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Financial Asset Valuations Continue to Deflate

Looking at gold, since February 4th it has seen only seven down days, with gold up by 9.83%.  Gold became an overbought market when on February 23rd its 15-count increased to a +7.  Overbought markets are markets due for a price pullback.  But since February 23rd where is gold’s price pullback, as its 15-count pulled back from +7 on February 23rd, to a +3 at this week’s close?



If I were to speak of the sum total of the market’s action so for 2022, what would I say? Maybe something from Bob Dylan; something like “A Hard Rain’s a Gonna Fall.” Forget about financial assets being historically overvalued. They have been for decades since Alan Greenspan managed “monetary policy” in the late 1980s.  The stock market’s real problems today are structural, complications that have been festering for years, and now coming into view in 2022:

  • Rising CPI Inflation,
  • Rising Bond Yields,
  • The Establishment’s incompetence is diverting its focus, domestically and internationally, into situations it doesn’t understand, and are proving to be totally ignorant of how best to deal with.
  • The most significant bearish factor is; no longer is bureaucratic Washington trusted to do the right thing.  It’s actually worse than that.  Only fourteen months into office, the Biden mis-Administration has become an international laughing stock that no one but the media takes seriously.

Like it or not, since WWII, bull markets in financial assets happen during times when Washington’s politicians and bureaucrats were honest and competent, and the banking system and US dollar were strong.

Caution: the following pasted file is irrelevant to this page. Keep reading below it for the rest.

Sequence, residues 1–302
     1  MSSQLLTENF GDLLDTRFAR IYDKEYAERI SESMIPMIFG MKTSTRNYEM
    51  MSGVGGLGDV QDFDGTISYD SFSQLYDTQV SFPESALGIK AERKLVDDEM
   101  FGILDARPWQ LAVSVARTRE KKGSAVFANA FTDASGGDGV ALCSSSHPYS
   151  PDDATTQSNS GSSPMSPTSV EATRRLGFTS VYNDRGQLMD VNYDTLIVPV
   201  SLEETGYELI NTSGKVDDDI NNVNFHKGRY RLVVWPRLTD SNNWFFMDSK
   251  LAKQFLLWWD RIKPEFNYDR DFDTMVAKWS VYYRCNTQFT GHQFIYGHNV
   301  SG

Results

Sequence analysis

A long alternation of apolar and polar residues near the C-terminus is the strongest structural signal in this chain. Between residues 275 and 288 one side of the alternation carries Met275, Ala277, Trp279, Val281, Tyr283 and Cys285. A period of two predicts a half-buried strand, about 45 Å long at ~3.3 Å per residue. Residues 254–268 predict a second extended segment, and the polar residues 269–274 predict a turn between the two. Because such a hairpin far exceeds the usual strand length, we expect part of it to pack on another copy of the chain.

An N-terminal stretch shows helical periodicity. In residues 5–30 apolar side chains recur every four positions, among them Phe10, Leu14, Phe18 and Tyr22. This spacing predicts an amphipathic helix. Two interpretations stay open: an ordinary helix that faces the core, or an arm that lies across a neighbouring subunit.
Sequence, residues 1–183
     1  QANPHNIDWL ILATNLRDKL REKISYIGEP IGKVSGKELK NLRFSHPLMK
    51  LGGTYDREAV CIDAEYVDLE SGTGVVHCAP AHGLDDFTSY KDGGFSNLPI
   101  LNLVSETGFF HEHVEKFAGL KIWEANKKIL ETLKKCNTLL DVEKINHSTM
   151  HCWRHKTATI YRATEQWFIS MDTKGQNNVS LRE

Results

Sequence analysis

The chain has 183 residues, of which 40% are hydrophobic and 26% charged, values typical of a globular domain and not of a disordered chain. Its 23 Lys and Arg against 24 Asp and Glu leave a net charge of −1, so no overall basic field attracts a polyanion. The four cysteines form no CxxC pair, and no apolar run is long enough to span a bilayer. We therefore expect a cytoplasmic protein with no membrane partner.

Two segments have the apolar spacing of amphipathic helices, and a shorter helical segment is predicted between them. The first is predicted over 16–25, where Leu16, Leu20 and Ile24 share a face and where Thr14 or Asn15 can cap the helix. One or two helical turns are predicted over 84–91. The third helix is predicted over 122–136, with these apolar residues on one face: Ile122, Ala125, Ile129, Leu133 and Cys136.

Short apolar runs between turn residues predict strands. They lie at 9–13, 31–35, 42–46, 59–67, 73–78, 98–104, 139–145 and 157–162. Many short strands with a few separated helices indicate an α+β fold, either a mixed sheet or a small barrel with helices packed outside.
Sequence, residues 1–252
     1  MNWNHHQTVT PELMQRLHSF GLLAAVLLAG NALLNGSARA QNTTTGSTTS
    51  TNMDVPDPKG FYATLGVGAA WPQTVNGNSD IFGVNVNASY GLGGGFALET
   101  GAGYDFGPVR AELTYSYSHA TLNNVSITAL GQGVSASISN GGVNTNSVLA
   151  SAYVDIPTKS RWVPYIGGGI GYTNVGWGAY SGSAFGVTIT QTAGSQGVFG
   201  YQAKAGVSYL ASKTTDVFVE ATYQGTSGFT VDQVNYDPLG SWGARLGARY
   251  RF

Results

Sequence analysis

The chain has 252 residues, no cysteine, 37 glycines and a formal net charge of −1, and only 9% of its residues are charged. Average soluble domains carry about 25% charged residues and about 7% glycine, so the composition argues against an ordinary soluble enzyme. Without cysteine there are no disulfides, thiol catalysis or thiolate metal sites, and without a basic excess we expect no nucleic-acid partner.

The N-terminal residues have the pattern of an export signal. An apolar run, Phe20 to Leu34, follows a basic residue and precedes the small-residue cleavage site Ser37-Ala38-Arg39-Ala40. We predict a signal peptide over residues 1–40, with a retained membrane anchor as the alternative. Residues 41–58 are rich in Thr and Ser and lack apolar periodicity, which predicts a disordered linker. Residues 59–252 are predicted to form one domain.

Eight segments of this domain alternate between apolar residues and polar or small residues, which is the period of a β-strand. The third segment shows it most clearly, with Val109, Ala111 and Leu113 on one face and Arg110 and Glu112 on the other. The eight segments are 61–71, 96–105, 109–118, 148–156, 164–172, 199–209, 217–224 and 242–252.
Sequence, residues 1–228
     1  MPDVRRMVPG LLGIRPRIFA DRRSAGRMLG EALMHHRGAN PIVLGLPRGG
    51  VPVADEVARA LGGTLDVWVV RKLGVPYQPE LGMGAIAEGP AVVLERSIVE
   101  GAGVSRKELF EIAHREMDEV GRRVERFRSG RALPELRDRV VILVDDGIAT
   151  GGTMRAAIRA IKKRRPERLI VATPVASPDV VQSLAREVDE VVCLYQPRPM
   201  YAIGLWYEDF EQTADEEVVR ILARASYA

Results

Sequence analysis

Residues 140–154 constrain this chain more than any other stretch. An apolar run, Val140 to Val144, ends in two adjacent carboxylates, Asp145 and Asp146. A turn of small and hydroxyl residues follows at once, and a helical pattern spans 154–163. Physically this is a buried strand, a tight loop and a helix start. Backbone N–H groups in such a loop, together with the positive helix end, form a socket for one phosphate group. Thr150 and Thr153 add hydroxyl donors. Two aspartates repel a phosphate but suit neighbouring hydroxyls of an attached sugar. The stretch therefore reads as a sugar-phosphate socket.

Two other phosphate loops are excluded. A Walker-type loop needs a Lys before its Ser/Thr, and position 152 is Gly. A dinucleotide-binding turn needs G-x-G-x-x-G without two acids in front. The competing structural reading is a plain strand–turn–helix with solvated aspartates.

Okay, since WWII this has never been true, not for a day.  However, that didn’t matter.  What mattered was the market had confidence all was right with the world.  With the Dow Jones at the close of this week closing below its BEV -10% line, CONFIDENCE in the bull market on Wall Street is fading.

The Dow Jones in its daily bar chart below continues its pattern of descending tops and bottoms.  This technical pattern has continued since the Dow Jones last all-time high on January 3rd.  If the Dow Jones sees a daily close below 32,500, that would not be good for the bulls.  How far can the Dow Jones go down before we see a selling panic develop in the stock market?

Does the stock market have to see a selling panic?  No, not if it turns around and once again begins rising towards new all-time highs.  Speaking for myself; my CONFIDENCE that the stock market is capable of doing that isn’t what it used to be.  I think that is true for a growing number of investors.

Looking at my table of the BEV values for the major market indexes below, it’s not just the Dow Jones seeing its BEV value deflating ever farther from its last all-time high.  All of the major market indexes are also suffering from deflation, most of them more than the Dow Jones as “liquidity” flows from Wall Street. 

On Monday the Dow Jones Utility Average saw a new BEV Zero, then remaining in scoring position (BEV -0.01% to -4.99%) for the rest of the week.  But the other major indexes have all deflated below scoring position, and continue trending towards ever deeper double-digit BEV values.

Looking at the table listing major market indexes performances (above left), since November 5th, a week where seventeen of the above indexes made multiple BEV Zeros, the stock market has seen its valuations deflate. 

In the table for commodities prices to the right, since early November of last year, many commodities have inflated by double-digit percentages.  And it’s not only energy prices up by big double-digit percentages.

Many avocates for gold and silver still complain of poor market action for the old monetary metals – me too!  But since early last November, how many money managers, or retail investors wished they invested in gold and silver, instead of the hot NASDAQ glamor issues?

I don’t know exactly what is going to happen in the next few months.  It’s possible the stock market will rebound as commodity prices come down from their current highs.  But on a longer term, I anticpate these two trends will continue; deflating stock & bond markets / inflating commodies (which includes gold and silver).  It’s only a matter of time; weeks, months or years before money now sitting in the financial markets, begins a bum’s rush into commodities, as investment capital flees deflation, seeking the safety found in inflating commodities valuations.